Children of ISAAC SMITH and MARY PEARSON are:
i. IRVIN COPE4 SMITH, b. 10 Jul 1838, Alabama, USA; d. 11 Feb 1923, Jefferson County, Alabama, USA; m. MARY LIZA THOMAS, 07 Aug 1864, Coosa County, Alabama, USA; b. 19 Nov 1845; d. 14 Apr 1929.
ii. DAVID M. SMITH, b. 1839; d. Bef. 10 Aug 1863.
iii. JOHN J. SMITH II, b. 1840.
iv. DOCK ROBERT SMITH, b. 15 Mar 1845, Nixburg, Coosa County, Alabama, USA; d. 26 Jan 1925, Winston County, Alabama, USA, USA; m. MARY HENRIETTA CARTER; b. May 1849, Georgia; d. 30 Oct 1933, Bankhead, Walker County, Alabama, USA.
v. REBECCA VESLILIA SMITH, b. 1847, Coosa County, Alabama.
vi. BENJAMIN FRANKLIN SMITH II, b. 10 Mar 1849, Coosa County, Alabama; d. 08 Mar 1931, Oklahoma; m. ALABAMA ELIZABETH MAY, 06 May 1873, Coosa County, Alabama.
vii. WADE HAMPTON SMITH, b. 12 Mar 1850, Coosa County, Alabama; d. 15 Apr 1933, Old Lula, Pontotoc County, Oklahoma, USA; m. NANCY EMELINE BUZBEE, 17 Feb 1870, Coosa County, Alabama; b. Bet. Mar - Sep 1847, Coosa County, Alabama; d. 30 Aug 1922, Old Lula, Pontotoc County, Oklahoma.

5. ADALINE TEMPERANCE3 SMITH (ISAAC2, ROBERT1) was born 22 Apr 1819 in South Carolina, USA, and died 27 Dec 1912 in Hanover, Coosa County, Alabama, USA. She married (1) WILLIAM B. KIMBROUGH 11 Jul 1837 in Tallapoosa County, Alabama. He was born Circa 1817, and died Circa 1855 in Tallapoosa County, Alabama, USA. She married (2) BRISSO O'BRIAN Aft. 1855.

At the time of Isaac Smith's death, Adaline was the only one of his daughters still living. He left her three slaves:
"FIFTH, I give to my [daughter] Adaline T. O'Brien the following slaves; Dosia (or Doriah), John and Margaret, during her lifetime and at her death to go to her youngest daughter, Ella Kimbrough."

i. REBECCA JANE4 KIMBROUGH, b. Apr 1838; m. (1) DANIEL MAURICE WHETSTONE; b. Circa 1845; m. (2) JOHN THRASH, 06 Aug 1856, Tallapoosa County, Alabama, USA; b. Circa 1835.
ii. BENJAMIN THOMAS KIMBROUGH, b. 1840; d. 1856, Died as a child.
iii. MARY FRANCES KIMBROUGH, b. 1842; d. 1857, Died as a child.
iv. SARAH ELLA KIMBROUGH, b. 25 Apr 1852; d. 20 May 1930, Hanover, Coosa County, Alabama; m. JOHN A. C. STEWART, 04 Dec 1881, Coosa County, Alabama, USA; b. Sep 1850; d. 09 Jun 1917, Rockford, Coosa County, Alabama, USA.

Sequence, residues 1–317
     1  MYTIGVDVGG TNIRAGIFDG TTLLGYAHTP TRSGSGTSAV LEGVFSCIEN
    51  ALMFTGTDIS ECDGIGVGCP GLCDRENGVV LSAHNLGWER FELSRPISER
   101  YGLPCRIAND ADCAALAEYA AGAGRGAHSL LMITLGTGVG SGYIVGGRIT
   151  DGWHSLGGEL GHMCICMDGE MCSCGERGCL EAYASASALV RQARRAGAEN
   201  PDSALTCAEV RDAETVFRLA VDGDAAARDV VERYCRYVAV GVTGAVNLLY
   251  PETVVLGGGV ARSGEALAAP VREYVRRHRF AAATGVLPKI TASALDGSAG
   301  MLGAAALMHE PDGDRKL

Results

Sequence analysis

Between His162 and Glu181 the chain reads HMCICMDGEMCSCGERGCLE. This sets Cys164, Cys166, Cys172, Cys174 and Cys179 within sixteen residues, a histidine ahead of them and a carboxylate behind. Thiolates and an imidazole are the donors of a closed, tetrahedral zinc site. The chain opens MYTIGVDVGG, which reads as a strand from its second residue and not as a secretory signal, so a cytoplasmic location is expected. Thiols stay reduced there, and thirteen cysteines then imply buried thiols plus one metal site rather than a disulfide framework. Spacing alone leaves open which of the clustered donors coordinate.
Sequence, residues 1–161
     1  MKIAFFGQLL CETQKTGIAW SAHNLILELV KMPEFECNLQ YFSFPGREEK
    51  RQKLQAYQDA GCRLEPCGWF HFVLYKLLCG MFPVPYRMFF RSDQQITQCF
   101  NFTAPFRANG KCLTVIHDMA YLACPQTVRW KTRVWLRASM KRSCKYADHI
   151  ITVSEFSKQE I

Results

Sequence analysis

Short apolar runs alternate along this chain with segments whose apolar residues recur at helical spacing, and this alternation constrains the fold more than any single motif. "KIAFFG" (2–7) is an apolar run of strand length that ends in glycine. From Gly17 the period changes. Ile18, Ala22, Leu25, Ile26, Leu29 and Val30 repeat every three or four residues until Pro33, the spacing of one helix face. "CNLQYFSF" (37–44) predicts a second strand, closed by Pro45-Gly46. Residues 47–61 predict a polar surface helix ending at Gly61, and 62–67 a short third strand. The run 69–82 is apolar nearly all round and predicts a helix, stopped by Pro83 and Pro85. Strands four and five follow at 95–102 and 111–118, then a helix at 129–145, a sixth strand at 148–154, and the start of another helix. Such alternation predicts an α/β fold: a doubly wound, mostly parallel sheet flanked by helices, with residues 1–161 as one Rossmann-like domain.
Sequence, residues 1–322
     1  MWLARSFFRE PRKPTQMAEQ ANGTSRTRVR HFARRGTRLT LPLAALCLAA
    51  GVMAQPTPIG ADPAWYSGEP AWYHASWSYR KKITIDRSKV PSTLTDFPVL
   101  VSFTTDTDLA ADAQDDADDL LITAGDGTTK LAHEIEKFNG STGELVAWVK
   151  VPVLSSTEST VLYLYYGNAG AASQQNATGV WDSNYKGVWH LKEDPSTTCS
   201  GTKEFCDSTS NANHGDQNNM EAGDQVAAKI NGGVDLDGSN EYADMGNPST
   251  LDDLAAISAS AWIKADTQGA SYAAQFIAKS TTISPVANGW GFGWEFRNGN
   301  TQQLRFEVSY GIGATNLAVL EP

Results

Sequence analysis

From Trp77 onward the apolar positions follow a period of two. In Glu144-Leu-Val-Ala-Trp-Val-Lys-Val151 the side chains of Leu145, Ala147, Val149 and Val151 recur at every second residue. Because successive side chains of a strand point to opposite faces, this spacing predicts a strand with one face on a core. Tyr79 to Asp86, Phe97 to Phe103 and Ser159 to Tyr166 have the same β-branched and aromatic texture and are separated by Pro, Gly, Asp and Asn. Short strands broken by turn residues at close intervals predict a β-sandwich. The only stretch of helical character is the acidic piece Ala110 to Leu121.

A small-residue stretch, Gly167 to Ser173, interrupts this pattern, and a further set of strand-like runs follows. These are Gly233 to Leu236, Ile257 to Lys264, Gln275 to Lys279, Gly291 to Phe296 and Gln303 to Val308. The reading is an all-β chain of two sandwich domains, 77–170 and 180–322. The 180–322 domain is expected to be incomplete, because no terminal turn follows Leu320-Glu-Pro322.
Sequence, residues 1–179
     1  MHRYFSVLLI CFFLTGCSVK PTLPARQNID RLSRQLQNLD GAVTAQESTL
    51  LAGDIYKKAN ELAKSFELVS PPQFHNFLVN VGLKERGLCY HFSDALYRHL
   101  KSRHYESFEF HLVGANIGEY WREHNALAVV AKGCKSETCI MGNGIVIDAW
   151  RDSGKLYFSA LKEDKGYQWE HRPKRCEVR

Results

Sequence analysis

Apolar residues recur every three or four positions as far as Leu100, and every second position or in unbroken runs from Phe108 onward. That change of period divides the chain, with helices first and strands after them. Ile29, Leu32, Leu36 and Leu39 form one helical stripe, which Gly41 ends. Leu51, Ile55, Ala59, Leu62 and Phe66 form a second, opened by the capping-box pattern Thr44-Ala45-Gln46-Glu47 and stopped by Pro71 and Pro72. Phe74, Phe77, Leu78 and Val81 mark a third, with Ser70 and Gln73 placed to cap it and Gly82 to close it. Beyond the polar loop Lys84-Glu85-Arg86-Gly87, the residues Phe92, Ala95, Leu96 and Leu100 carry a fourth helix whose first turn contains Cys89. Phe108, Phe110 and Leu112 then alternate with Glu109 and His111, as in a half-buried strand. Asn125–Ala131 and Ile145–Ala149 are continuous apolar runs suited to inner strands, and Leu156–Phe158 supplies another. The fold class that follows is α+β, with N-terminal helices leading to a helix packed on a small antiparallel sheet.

6. CLARA ANN JANE3 SMITH (ISAAC2, ROBERT1) was born Bet. 1820 - 1825 in South Carolina or Georgia, USA, and died Circa 1850 in Alabama, USA. She married WILLIAM S. CANTERBURY 26 Jun 1834 in Lowndes County, Alabama118. He was born Circa 1810, and died Bet. 1850 - 1861.

i. JOHN W.4 CANTERBERRY, b. Circa 1837; d. Aft. 08 Jul 1861, during the American Civil War.
ii. ISAAC IRWIN CANTERBERRY, b. Circa 1839; d. Bef. 10 Aug 1861.
iii. BENJAMINE F. CANTERBURY, b. Circa 1840.
iv. DIDENA CANTERBERRY, b. Circa 1843.
v. DORA ANN CANTERBERRY, b. 31 Oct 1845, Alexander City, Tallapoosa County, Alabama; d. 02 Feb 1882, Alexander City, Tallapoosa County, Alabama; m. JOHN THOMAS DARK, 28 Dec 1865, Alexander City, Tallapoosa County, Alabama; b. 02 Apr 1844, Meriwether, Baldwin County, Georgia; d. 06 Aug 1874, Alexander City, Tallapoosa County, Alabama.
vi. LOUISA CANTERBERRY, b. Circa 1847.

7. LOUISA E(MMA)3 SMITH (ISAAC2, ROBERT1) was born Bet. 1820 - 1825 in South Carolina or Georgia, USA, and died Circa 1841 in Tallapoosa County, Alabama, USA. She married JAMES A. LOCKWOOD 12 Feb 1834 in Lowndes County, Alabama. He was born 1815 in New York, and died Aft. 1850.

Louisa E. Smith was born in either South Carolina or Georgia between 1811 and 1819. Due to the constant movements of her parents during the time of her birth, we may never know exactly when or where she was born, unless one of her own descendants come forward with some sort of documentation like a Bible record or perhaps a diary.
Louisa's middle name was probably Emma, Emily or Emaline. I came to this conclusion when I received an extract from a letter written by one of her nieces:

"Aunt Em and I would go out to gather pecans, black walnuts and hickory nuts, we called those hickker nuts. Louisa Em married James Lockwood in 1834. Most of the family called her Luezor, but to me, she was always Aunt Em.”

Louisa married JAMES A. LOCKWOOD 12 Feb 1834 in Lowndes County, Alabama.
Louisa bore to James five children, but we believe one of them died extremely young, which is why James only took four children with him to Arkansas. Their children are; Edwin Cornelius Lockwood, William Thomas Lockwood, Sarah Lockwood, Mary Jane Lockwood and Isadora Lockwood.
In the Final Settlement of Isaac Smith's Estate dated 8 Oct. 1863 all of the children's names (except Isadora's) are listed among Isaac's heirs:

"and it appearing to the Court that Louisa Lockwood left her surviving the following named children, to wit., Edwin C. Lockwood, Thomas Lockwood, Mary J. Lockwood, all over 21 years of age, and Sarah Lockwood, a minor who has no gaurdian, all of whom are entitled to share the property of Louisa Lockwood, deceased, in equal parts, so that the sum of five hundred, and seventy-four dollars and eighty-seven cents must be divided into four equal parts."